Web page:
“South Dakota is not New York City,” Ms. Noem said at a news conference last week.

But many rural doctors, leaders and health experts worry that is exactly where their communities are heading, and that they will have fewer hospital beds, ventilators and nurses to handle the onslaught.

“We’re behind the curve in rural America,” said Sen. Jon Tester, Democrat of Montana, who said his state needs hundreds of thousands of masks, visors and gowns. “If they don’t have the protective equipment and somebody goes down and gets sick, that could close the hospital.”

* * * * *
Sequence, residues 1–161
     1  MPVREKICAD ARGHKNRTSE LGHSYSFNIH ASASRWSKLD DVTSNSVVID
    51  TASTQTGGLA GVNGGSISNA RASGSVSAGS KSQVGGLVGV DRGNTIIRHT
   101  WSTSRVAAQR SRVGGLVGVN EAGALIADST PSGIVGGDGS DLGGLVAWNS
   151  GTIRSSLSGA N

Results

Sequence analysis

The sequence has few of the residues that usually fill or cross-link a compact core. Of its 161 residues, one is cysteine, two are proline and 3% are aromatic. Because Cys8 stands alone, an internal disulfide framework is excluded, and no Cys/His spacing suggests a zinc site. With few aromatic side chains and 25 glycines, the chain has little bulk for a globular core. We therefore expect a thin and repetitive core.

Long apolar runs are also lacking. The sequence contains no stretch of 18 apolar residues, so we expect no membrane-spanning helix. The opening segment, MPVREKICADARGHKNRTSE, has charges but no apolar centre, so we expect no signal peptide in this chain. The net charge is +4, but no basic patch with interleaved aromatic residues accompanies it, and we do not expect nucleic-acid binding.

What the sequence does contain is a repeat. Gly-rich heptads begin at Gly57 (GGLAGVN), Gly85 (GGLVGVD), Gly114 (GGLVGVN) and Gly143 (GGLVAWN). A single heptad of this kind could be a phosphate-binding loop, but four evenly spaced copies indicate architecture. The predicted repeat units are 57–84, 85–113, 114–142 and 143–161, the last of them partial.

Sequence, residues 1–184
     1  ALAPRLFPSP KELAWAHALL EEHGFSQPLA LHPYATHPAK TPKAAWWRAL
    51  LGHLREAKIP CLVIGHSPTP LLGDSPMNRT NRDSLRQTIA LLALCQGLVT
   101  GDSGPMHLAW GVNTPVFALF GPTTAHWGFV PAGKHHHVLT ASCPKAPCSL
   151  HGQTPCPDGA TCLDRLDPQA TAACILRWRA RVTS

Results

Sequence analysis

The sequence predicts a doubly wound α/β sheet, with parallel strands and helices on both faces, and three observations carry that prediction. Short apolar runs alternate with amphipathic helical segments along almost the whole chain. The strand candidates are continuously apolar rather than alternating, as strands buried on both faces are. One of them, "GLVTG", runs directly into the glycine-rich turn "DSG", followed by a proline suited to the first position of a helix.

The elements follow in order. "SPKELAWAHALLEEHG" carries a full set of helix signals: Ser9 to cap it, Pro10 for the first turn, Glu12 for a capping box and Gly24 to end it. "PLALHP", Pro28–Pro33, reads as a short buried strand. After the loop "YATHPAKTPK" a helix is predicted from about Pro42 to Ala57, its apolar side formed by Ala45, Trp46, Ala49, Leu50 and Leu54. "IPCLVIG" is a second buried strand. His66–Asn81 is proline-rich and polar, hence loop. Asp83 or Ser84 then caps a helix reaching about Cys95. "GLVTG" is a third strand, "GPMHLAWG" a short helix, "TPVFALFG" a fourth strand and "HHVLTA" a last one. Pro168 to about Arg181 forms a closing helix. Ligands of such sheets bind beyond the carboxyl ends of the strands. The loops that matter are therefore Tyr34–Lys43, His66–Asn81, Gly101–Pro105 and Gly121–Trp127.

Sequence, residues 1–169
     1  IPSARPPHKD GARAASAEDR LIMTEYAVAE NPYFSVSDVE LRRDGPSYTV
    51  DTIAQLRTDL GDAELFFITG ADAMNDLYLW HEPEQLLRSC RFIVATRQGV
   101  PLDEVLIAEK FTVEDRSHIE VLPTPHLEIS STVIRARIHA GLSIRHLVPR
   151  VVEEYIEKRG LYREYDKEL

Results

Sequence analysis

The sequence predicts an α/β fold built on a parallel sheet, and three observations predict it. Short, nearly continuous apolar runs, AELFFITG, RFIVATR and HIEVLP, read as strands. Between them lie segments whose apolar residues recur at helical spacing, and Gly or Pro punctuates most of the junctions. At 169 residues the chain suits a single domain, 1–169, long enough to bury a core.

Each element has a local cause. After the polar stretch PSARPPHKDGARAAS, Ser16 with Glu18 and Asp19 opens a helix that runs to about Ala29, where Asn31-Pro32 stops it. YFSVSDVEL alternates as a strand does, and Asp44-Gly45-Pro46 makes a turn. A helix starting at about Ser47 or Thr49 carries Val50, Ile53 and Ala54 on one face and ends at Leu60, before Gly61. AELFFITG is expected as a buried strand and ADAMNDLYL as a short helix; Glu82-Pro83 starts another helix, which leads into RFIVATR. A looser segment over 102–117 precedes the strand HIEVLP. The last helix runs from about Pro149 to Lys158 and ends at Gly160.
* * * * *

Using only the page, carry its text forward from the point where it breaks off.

Rural nurses and doctors, scarce in normal times, are already calling out sick and being quarantined. Clinics are scrambling to find couriers who can speed their coronavirus tests to labs hundreds of miles away. The loss of 120 rural hospitals over the past decade has left many towns defenseless, and more hospitals are closing even as the pandemic spreads.